The hub is part of The National Science Foundation’s Coastlines and People Program, an effort to help coastal communities across the country become more resilient in the face of mounting environmental pressure. Nearly 40% of the U.S population lives within a coastal county. More than $29 million in grants were awarded to five proposals for the fiscal year 2021. Oregon State’s award is one of two “large-scale” hub awards.

    The Cascadia hub will focus on two broad areas of research: advancing understanding of the risks of The Cascadia Subduction Zone [Pacific Northwest Seismic Network](US)(CA) earthquakes and other chronic and acute geological hazards to coastal regions; and reducing disaster risk through comprehensive assessment, mitigation and adaptation planning and policymaking.

    “Understanding not only who is vulnerable to coastal hazards, but how future adaptation and mitigation measures can impact different segments of the population, particularly underrepresented populations, is key to developing measures that are equitable and just,” said Jenna Tilt, an assistant professor in OSU’s College of Earth, Ocean, and Atmospheric Sciences who is part of the research hub leadership team. “This research hub provides the resources to do just that.”

    Ruggiero said the project intentionally emphasizes incorporating traditional ecological knowledge from the region’s Native American tribes as well as local ecological knowledge from fishermen, farmers and others who have personal history and experience with coastal challenges and can provide unique perspectives on what coastal resiliency means to their communities.

    “I’ve been working on the issue of coastal hazards my entire career,” he said. “Over the last decade, it has become clear that the best way to make a difference is to work closely with communities, starting with involving them in research design. The National Science Foundation will bring significant resources to this effort, but we also will bring in voices that have not been heard before.”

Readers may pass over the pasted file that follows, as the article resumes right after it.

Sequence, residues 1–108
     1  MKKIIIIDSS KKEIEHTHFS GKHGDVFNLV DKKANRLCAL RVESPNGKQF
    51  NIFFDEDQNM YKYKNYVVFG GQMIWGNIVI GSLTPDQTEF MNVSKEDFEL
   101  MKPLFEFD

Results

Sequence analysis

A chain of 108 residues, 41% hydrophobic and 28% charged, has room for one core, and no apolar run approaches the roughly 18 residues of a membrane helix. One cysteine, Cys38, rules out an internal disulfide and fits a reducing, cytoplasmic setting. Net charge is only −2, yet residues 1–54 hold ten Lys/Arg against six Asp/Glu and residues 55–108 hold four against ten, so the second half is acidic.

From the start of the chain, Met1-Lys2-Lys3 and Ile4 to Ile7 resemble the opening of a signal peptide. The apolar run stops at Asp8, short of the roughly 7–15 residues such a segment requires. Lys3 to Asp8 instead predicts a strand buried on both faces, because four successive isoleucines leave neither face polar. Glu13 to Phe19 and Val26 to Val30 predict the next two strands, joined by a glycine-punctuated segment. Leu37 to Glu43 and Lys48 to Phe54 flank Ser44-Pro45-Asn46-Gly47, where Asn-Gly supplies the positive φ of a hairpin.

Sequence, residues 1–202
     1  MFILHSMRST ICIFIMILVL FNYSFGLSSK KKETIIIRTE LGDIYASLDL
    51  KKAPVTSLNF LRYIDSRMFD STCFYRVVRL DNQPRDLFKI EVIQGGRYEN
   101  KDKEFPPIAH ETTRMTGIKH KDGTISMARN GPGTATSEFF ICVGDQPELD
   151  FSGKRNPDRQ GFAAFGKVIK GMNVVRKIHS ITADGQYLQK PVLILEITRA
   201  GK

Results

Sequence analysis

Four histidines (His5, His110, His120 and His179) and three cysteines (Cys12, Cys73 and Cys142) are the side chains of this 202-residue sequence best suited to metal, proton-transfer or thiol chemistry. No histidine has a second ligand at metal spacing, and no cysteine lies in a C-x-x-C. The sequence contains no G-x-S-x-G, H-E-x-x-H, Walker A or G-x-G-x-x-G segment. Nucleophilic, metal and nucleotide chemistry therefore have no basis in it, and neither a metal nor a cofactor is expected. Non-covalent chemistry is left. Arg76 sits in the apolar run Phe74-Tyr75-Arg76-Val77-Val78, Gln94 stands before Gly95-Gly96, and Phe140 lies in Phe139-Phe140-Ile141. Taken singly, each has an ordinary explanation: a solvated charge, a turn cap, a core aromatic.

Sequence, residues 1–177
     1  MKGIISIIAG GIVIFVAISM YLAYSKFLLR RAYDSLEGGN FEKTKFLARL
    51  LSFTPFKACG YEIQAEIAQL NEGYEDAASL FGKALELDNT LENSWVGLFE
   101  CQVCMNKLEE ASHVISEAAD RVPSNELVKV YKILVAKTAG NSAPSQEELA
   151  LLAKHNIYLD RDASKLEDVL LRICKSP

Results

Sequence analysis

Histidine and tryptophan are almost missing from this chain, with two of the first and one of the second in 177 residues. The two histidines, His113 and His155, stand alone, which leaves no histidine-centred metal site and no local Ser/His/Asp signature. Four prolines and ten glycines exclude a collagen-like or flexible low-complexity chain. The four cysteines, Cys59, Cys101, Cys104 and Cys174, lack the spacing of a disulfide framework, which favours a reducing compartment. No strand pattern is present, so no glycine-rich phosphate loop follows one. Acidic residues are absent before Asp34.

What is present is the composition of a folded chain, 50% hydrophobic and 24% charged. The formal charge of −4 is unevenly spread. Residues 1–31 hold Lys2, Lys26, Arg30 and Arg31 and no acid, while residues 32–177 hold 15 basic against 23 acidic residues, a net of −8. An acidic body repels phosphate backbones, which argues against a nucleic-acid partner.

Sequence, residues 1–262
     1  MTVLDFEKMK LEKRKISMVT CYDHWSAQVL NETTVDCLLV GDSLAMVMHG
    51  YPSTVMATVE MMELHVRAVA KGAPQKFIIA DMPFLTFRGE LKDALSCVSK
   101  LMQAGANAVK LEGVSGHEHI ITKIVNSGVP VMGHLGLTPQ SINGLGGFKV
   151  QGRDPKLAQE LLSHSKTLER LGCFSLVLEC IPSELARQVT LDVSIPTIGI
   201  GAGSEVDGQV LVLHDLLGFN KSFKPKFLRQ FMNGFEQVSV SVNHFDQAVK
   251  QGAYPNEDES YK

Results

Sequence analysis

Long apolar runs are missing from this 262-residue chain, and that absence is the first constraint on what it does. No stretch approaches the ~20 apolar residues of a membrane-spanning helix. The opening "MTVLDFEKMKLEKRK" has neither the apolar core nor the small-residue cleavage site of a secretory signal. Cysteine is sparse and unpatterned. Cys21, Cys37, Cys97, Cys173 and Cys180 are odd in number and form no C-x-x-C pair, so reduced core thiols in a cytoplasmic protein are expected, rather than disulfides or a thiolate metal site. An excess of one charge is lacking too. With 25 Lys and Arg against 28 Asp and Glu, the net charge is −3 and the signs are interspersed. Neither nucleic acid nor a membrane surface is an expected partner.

Researchers also plan to provide training for the next generation of coastal hazards scientists and leaders, with an emphasis on reaching underrepresented groups. The Cascadia Coastal Hazards and Resilience Training, Education and Research, or CHARTER, program will offer formal and informal training, education and hazards science research across the middle school, high school, undergraduate, graduate and postdoctoral levels.

    A CHARTER Fellows program will provide undergraduate students opportunities to engage in research and serve as role models for high school students.

    “This program provides a unique opportunity for students who identify as BIPOC (Black, Indigenous and people of color); Latinx; LGBTQ; first generation; and/or low-income, in all academic disciplines to participate in research,” said Dwaine Plaza, co-principal investigator and professor of sociology at Oregon State. “Fellows will be collecting meaningful data in Cascadia coastal communities and sharing their findings with middle and high school students in order to excite them about the possibilities of becoming coastal hazards scientists and leaders in the region.”

    See the full article here.

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    Please help promote STEM in your local schools.

    Stem Education Coalition

    u-washington-campus

    The University of Washington (US) is one of the world’s preeminent public universities. Our impact on individuals, on our region, and on the world is profound — whether we are launching young people into a boundless future or confronting the grand challenges of our time through undaunted research and scholarship. Ranked number 10 in the world in Shanghai Jiao Tong University rankings and educating more than 54,000 students annually, our students and faculty work together to turn ideas into impact and in the process transform lives and our world. For more about our impact on the world, every day.

    So what defines us —the students, faculty and community members at the University of Washington? Above all, it’s our belief in possibility and our unshakable optimism. It’s a connection to others, both near and far. It’s a hunger that pushes us to tackle challenges and pursue progress. It’s the conviction that together we can create a world of good. Join us on the journey.